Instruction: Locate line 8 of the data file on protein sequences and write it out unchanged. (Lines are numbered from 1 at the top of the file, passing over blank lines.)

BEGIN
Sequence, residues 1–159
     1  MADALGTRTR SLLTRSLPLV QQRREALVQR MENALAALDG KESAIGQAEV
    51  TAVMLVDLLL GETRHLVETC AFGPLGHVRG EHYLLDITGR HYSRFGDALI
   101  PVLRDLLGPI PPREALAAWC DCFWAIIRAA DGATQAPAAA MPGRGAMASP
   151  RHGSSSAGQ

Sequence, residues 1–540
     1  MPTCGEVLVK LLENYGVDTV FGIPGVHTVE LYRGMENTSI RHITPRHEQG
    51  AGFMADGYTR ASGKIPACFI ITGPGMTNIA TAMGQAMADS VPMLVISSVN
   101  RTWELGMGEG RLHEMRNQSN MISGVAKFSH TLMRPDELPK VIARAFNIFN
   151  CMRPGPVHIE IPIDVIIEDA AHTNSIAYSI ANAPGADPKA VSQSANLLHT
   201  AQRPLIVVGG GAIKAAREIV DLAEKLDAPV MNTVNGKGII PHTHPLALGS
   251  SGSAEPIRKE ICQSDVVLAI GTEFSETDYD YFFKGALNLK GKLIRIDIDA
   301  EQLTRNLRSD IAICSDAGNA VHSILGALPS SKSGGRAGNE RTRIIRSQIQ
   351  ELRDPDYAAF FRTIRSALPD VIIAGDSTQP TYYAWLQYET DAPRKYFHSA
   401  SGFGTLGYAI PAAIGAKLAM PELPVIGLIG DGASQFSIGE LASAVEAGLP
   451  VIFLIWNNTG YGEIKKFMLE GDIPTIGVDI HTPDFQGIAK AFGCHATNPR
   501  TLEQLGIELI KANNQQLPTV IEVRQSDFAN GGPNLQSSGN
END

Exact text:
    51  AGFMADGYTR ASGKIPACFI ITGPGMTNIA TAMGQAMADS VPMLVISSVN